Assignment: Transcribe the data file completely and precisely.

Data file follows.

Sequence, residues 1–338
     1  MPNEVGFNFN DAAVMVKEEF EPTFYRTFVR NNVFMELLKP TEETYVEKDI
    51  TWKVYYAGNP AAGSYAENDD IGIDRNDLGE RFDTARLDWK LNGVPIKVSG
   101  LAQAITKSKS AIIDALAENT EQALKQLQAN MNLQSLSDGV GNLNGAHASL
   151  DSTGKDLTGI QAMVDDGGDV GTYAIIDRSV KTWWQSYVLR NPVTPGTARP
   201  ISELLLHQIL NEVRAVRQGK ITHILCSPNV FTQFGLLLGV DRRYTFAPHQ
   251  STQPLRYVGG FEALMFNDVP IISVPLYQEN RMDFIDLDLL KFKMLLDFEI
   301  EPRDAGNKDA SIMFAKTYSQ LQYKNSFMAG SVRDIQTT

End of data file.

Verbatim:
Sequence, residues 1–338
     1  MPNEVGFNFN DAAVMVKEEF EPTFYRTFVR NNVFMELLKP TEETYVEKDI
    51  TWKVYYAGNP AAGSYAENDD IGIDRNDLGE RFDTARLDWK LNGVPIKVSG
   101  LAQAITKSKS AIIDALAENT EQALKQLQAN MNLQSLSDGV GNLNGAHASL
   151  DSTGKDLTGI QAMVDDGGDV GTYAIIDRSV KTWWQSYVLR NPVTPGTARP
   201  ISELLLHQIL NEVRAVRQGK ITHILCSPNV FTQFGLLLGV DRRYTFAPHQ
   251  STQPLRYVGG FEALMFNDVP IISVPLYQEN RMDFIDLDLL KFKMLLDFEI
   301  EPRDAGNKDA SIMFAKTYSQ LQYKNSFMAG SVRDIQTT